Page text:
The 7 Ways to Guarantee Homeschool Success

Thinking about homeschooling? Want to avoid the homeschooling mistakes most people make? Below you’ll find what we’ve discovered from homeschooling our 5 children from birth to college.

In 1987 homeschooling was just as newborn as our first child. We looked at homeschooling for a number of reasons which were mostly related to our academic goals. And yet, our first child’s Cerebral Palsy tipped the scales. The simple nature of having a young and impressionable soul around active and undiscerning ‘friends’ made it clear that we should homeschool.. We really didn’t want our son settling into confusion about what he was capable of doing. So, we decided to give it a try until he was old enough to physically function well around others who were his age, but weren’t his friends. We thought it would be through third grade—it lasted until he went to the University of Texas in Austin.

Now, these 23 plus years later, we know seven things that we make sure all of our homeschool coaching students start to understand–inside and out. If you want a successful homeschool embrace these seven (or violate any of these at your own risk)!

  1. Define Homeschool Success for Yourself
  2. Use a Curriculum that Matches Your Definition
  3. Don’t Compete with Public or Private Schools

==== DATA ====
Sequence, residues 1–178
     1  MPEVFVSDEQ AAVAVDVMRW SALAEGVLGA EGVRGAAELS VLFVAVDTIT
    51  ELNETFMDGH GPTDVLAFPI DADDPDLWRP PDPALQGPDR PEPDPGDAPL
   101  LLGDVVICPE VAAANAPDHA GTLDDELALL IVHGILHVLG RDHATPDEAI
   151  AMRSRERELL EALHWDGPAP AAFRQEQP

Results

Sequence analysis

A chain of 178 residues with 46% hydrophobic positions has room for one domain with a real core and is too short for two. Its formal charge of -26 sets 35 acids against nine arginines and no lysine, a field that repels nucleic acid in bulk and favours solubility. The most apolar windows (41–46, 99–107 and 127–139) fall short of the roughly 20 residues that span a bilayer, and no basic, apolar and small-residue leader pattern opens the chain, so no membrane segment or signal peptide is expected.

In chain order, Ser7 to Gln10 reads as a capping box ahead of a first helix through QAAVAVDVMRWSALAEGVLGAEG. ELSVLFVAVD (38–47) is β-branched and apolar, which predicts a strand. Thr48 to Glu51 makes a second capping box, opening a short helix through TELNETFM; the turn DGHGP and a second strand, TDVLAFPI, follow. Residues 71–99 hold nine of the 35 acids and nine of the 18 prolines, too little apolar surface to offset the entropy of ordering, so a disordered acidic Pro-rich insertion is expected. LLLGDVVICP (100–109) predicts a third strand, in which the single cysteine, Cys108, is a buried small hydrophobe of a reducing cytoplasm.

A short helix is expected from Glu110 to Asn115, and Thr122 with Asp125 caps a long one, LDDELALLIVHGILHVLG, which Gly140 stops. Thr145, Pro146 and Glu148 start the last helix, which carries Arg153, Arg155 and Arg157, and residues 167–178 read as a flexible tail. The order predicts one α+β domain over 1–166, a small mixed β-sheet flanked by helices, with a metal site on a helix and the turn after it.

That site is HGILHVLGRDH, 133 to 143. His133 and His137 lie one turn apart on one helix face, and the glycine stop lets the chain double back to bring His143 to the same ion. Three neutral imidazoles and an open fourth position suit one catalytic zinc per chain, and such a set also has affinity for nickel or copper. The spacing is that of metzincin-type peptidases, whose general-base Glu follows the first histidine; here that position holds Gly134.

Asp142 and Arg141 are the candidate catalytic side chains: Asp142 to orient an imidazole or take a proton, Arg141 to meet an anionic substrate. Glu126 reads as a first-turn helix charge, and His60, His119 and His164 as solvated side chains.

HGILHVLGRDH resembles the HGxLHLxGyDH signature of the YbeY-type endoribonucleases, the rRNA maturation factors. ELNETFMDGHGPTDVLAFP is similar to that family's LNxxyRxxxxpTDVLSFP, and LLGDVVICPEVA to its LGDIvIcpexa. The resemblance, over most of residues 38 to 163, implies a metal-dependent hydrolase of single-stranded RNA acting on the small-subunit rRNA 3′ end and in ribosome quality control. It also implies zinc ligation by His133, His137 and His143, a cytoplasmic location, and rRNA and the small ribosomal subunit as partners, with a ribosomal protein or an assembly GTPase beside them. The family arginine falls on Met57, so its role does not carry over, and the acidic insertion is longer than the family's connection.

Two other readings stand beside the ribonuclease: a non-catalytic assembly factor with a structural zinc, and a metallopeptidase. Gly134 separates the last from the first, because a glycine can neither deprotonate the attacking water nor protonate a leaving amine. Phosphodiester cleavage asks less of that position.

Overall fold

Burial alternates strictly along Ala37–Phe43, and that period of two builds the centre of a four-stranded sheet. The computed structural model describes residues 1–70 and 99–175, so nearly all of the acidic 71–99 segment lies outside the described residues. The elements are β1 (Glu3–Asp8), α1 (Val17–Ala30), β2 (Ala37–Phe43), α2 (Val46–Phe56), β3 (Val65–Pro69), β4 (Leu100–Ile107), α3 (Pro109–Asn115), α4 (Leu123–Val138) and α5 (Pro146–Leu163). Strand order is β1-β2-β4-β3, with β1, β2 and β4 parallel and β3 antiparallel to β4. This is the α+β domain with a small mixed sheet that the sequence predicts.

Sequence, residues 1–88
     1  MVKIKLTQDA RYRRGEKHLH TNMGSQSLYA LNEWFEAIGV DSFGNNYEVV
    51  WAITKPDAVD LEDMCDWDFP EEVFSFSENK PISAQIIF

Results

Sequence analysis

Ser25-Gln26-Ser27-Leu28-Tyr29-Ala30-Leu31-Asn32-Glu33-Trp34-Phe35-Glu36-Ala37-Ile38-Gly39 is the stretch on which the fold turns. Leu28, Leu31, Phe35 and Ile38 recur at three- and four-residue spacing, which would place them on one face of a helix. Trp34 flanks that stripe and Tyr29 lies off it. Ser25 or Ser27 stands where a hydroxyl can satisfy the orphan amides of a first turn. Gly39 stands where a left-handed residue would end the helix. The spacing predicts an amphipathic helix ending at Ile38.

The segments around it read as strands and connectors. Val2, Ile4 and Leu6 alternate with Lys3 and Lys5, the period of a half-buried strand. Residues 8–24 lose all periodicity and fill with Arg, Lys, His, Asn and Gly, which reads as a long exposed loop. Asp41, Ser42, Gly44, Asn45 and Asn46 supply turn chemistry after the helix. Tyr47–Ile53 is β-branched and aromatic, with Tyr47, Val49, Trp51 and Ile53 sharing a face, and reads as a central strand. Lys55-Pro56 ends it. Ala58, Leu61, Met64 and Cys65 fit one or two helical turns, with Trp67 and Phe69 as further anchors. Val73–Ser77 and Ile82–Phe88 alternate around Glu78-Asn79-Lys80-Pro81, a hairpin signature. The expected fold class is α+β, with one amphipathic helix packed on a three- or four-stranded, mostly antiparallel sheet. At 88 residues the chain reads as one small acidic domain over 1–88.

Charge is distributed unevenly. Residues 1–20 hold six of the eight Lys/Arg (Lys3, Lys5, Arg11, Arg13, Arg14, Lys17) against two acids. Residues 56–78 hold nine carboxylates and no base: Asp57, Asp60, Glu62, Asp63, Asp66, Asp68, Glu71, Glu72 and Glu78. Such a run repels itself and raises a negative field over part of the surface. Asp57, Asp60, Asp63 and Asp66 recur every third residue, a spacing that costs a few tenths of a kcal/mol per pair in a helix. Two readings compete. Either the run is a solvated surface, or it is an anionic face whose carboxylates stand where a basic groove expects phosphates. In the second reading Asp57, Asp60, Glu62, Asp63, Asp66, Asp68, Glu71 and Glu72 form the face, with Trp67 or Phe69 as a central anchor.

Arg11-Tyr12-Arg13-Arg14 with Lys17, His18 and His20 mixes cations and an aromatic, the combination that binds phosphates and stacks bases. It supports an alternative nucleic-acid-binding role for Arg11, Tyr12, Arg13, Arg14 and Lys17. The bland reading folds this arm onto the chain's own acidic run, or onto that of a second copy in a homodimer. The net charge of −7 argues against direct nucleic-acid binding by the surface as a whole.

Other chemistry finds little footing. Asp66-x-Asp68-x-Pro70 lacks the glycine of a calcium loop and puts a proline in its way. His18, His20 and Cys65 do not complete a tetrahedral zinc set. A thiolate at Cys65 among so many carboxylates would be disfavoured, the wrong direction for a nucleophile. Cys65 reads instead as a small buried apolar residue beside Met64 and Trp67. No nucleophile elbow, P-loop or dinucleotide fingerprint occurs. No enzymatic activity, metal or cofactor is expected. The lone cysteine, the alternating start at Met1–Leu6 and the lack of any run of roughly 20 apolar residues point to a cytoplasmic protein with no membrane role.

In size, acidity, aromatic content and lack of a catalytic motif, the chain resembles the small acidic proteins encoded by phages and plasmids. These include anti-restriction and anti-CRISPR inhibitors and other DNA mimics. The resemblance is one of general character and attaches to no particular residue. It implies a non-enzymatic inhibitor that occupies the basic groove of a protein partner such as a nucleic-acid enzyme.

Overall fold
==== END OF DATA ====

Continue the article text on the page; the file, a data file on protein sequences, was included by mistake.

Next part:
4. Find a Support Group(s) or Network
  5. Learn to Use Systems for Success
  6. Make Discipline a Nice Word
  7. Find a Coach

Here’s a quick summary to get you started:

Define Homeschool Success for Yourself

Definitions determine everything. If your definition of “learning math” is to ‘get through the book’—then things will turn out very different from the family whose definition is to “learn how to do math.” The definition for homeschooling success that we use is our basic understanding of education. Education is learning how to learn. We want our students to develop skills for learning so they are prepared for anything. How sad when people think knowing information means education…especially when information changes and your are obsolete because you didn’t keep learning.

Use a Curriculum that Matches Your Definition

There are as many curricula as there are people (so it seems). Every curriculum is build on some set of assumptions or educational philosophy. Some writing curricula believe (falsely) that we learn to write by studying grammar, while others show the students the power of learning to write by actively writing (for example see http://www.advanced-writing-resources.com). Whatever the curriculum for whatever subject-make sure it matches your own definition so you aren’t caught wanting one result while using a process that takes you in the opposite direction.

Don’t Compete with Public or Private Schools